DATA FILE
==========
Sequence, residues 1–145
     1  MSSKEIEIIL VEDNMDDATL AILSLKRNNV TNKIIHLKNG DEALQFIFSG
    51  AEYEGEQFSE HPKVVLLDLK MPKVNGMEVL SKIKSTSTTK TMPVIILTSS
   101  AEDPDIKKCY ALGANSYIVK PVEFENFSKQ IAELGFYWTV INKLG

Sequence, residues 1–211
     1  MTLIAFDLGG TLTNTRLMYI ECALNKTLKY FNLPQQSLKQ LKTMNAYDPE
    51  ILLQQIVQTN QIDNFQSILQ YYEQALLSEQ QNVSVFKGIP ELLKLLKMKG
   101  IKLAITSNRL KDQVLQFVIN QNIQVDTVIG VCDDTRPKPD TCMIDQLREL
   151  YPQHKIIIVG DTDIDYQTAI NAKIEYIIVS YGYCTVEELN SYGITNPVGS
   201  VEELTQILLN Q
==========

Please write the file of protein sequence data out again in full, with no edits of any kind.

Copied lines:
Sequence, residues 1–145
     1  MSSKEIEIIL VEDNMDDATL AILSLKRNNV TNKIIHLKNG DEALQFIFSG
    51  AEYEGEQFSE HPKVVLLDLK MPKVNGMEVL SKIKSTSTTK TMPVIILTSS
   101  AEDPDIKKCY ALGANSYIVK PVEFENFSKQ IAELGFYWTV INKLG

Sequence, residues 1–211
     1  MTLIAFDLGG TLTNTRLMYI ECALNKTLKY FNLPQQSLKQ LKTMNAYDPE
    51  ILLQQIVQTN QIDNFQSILQ YYEQALLSEQ QNVSVFKGIP ELLKLLKMKG
   101  IKLAITSNRL KDQVLQFVIN QNIQVDTVIG VCDDTRPKPD TCMIDQLREL
   151  YPQHKIIIVG DTDIDYQTAI NAKIEYIIVS YGYCTVEELN SYGITNPVGS
   201  VEELTQILLN Q